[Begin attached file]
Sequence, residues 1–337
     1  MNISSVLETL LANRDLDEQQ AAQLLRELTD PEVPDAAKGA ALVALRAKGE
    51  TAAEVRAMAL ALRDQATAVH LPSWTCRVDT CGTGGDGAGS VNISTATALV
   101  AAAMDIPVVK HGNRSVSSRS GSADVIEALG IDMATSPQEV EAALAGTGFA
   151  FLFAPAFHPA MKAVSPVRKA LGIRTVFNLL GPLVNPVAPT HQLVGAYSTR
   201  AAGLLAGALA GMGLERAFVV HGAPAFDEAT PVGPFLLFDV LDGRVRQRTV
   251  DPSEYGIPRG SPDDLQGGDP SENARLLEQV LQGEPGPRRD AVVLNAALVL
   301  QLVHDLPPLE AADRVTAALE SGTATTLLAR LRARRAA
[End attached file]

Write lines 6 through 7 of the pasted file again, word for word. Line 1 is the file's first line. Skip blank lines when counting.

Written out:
   201  AAGLLAGALA GMGLERAFVV HGAPAFDEAT PVGPFLLFDV LDGRVRQRTV
   251  DPSEYGIPRG SPDDLQGGDP SENARLLEQV LQGEPGPRRD AVVLNAALVL